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Gradient is covariant. Let's consider gradient of a scalar function. The reason is that such a gradient is the difference of the function per unit distance in the direction of the basis vector. We often treat gradient as usual vector because we often transform from one orthonormal basis into another orthonormal basis. And in this case matrix transpose and ...


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There are the ${\bf k}_t,~{\bf k}_\phi$ Killing vectors. Another condition is that $$ {\bf k}_t\cdot{\bf k}_\phi~=~\frac{(2mr~-~Q^2)asin\phi}{\rho^2}, $$ for $a~=~J/m$. This is zero for $a~=~0$ or for $Q^2~=~2mr$ or $\phi~=~0,~\pi$. There is also $$ {\bf k}_\phi\cdot{\bf k}_\phi~=~\frac{(r^2~+~a^2)^2sin^2\phi~-~\Delta a^2sin^4\phi}{\rho^2}, $$ for $\Delta~=~...


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In classical mechanics a system is described by a Lagrangian $\mathscr{L}\colon TQ\to \mathbb{R}$, with $Q$ being the configuration space and $TQ$ its tangent bundle, namely the union over $q\in Q$ of all tangent spaces $T_qQ$: $TQ = \cup_q T_qQ$. A local chart on $Q$ looks like $(q_1, \ldots, q_n)$, the $q_k$ being the degrees of freedom of the system. The ...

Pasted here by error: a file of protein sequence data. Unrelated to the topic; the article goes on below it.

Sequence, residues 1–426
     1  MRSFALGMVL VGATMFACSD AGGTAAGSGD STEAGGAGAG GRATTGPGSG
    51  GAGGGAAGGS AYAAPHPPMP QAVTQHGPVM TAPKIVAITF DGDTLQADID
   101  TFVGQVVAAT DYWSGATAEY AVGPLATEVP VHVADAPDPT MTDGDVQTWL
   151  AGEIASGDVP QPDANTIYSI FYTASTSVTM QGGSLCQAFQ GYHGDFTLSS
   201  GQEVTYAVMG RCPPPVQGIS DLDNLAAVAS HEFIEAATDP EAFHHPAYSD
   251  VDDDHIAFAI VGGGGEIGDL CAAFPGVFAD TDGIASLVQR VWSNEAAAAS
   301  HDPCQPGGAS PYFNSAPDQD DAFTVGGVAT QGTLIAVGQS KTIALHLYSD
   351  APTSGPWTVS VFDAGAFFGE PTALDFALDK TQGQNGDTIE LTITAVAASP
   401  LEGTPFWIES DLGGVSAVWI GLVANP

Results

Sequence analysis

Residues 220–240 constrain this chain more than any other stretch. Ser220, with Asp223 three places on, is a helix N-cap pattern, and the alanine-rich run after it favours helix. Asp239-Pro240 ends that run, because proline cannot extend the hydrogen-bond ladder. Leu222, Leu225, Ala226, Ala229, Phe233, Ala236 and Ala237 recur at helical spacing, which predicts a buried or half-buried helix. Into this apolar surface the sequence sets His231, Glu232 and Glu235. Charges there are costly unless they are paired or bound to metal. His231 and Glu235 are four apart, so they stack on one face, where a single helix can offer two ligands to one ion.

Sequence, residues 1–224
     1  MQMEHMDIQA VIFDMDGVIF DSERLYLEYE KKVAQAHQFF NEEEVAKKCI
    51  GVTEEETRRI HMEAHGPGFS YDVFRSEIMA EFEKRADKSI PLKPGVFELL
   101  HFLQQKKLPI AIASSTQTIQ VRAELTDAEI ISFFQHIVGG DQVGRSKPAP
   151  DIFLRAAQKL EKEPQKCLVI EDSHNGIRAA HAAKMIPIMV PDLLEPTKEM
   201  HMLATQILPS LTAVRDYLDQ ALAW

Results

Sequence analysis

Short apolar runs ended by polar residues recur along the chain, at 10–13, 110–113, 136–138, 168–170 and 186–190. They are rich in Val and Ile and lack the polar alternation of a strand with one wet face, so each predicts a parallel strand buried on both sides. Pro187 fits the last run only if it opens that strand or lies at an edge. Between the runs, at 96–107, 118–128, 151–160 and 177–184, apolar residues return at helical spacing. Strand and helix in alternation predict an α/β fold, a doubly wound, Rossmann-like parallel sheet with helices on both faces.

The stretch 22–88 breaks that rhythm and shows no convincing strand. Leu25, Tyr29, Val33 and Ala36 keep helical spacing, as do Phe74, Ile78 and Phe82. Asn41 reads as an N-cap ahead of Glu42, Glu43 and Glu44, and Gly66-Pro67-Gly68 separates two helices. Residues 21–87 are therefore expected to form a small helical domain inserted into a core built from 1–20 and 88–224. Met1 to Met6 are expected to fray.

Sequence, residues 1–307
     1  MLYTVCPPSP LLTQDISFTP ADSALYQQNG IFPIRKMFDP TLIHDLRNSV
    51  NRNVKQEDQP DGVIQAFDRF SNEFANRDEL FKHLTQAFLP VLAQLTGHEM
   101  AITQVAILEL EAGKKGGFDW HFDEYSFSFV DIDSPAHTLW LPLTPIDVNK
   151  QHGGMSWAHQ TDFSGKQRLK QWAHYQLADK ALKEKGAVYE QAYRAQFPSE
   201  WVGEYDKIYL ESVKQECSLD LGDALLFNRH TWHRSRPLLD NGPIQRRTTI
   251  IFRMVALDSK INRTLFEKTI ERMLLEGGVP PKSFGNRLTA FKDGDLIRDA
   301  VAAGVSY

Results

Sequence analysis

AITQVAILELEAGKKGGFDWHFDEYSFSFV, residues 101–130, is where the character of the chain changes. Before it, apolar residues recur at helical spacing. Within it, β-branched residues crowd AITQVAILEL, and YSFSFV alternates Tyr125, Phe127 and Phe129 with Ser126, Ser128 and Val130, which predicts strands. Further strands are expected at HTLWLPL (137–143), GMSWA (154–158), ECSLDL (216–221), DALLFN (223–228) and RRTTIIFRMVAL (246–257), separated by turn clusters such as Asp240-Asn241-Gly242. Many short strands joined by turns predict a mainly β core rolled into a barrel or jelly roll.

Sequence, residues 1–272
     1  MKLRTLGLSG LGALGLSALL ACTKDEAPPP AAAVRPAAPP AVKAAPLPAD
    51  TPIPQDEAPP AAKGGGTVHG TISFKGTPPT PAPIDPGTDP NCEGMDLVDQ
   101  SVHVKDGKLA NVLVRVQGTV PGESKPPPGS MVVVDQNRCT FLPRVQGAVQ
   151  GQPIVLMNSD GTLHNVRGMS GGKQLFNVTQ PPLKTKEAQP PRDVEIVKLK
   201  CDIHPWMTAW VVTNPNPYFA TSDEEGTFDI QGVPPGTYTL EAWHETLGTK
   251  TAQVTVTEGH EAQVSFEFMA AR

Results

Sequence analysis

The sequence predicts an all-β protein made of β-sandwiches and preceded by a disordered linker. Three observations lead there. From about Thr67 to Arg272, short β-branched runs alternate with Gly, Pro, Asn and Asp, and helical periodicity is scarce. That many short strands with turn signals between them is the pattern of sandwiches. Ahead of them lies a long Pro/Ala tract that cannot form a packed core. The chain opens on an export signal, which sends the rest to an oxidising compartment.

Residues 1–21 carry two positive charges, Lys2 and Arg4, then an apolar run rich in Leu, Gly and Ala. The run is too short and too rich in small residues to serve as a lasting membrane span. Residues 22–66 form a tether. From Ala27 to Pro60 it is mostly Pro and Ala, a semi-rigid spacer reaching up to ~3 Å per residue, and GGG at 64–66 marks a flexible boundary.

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This theorem can be used to prove Archimede's Principle in a region with a non-uniform gravitational field. The weight of the displaced fluid is $$\vec W=\int_\Omega \rho \vec g(\vec r)~\mathrm d\Omega.$$ Let us consider a body fully immersed. Then the buoyancy force is given by $$\vec B=-\oint_\Gamma p(\vec r)~\mathrm d\vec \Gamma =-\int_\Omega\vec\nabla p~...


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The pdf J.D Callen, Fundamentals of Plasma Physics, chapter 3 defines $B=\sqrt{\vec{B}\cdot \vec{B}}$ and $\hat{b}=\vec{B}/B$, and proves that as you walk along a field line (arc length segment $d\ell$): $$\frac{dB}{d\ell}=\hat{b}\cdot \nabla B=-B \nabla \cdot \hat{b}$$ (where the second equality holds from $\nabla\cdot(B \hat{b})=0$) If the field lines ...



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